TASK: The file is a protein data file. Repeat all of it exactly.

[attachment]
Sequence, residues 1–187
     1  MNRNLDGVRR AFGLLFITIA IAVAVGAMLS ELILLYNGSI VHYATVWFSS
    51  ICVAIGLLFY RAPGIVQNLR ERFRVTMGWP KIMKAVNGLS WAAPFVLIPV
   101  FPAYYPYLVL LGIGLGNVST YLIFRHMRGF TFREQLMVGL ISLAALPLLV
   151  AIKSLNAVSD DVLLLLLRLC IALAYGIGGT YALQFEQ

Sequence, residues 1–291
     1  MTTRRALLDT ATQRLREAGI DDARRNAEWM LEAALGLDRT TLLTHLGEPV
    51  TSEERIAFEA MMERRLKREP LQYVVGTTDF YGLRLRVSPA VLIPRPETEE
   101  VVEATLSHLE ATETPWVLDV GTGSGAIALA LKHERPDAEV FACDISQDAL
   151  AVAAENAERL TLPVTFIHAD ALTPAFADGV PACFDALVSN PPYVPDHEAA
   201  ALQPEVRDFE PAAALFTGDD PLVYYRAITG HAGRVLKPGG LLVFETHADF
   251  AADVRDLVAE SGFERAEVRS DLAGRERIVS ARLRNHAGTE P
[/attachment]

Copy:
Sequence, residues 1–187
     1  MNRNLDGVRR AFGLLFITIA IAVAVGAMLS ELILLYNGSI VHYATVWFSS
    51  ICVAIGLLFY RAPGIVQNLR ERFRVTMGWP KIMKAVNGLS WAAPFVLIPV
   101  FPAYYPYLVL LGIGLGNVST YLIFRHMRGF TFREQLMVGL ISLAALPLLV
   151  AIKSLNAVSD DVLLLLLRLC IALAYGIGGT YALQFEQ

Sequence, residues 1–291
     1  MTTRRALLDT ATQRLREAGI DDARRNAEWM LEAALGLDRT TLLTHLGEPV
    51  TSEERIAFEA MMERRLKREP LQYVVGTTDF YGLRLRVSPA VLIPRPETEE
   101  VVEATLSHLE ATETPWVLDV GTGSGAIALA LKHERPDAEV FACDISQDAL
   151  AVAAENAERL TLPVTFIHAD ALTPAFADGV PACFDALVSN PPYVPDHEAA
   201  ALQPEVRDFE PAAALFTGDD PLVYYRAITG HAGRVLKPGG LLVFETHADF
   251  AADVRDLVAE SGFERAEVRS DLAGRERIVS ARLRNHAGTE P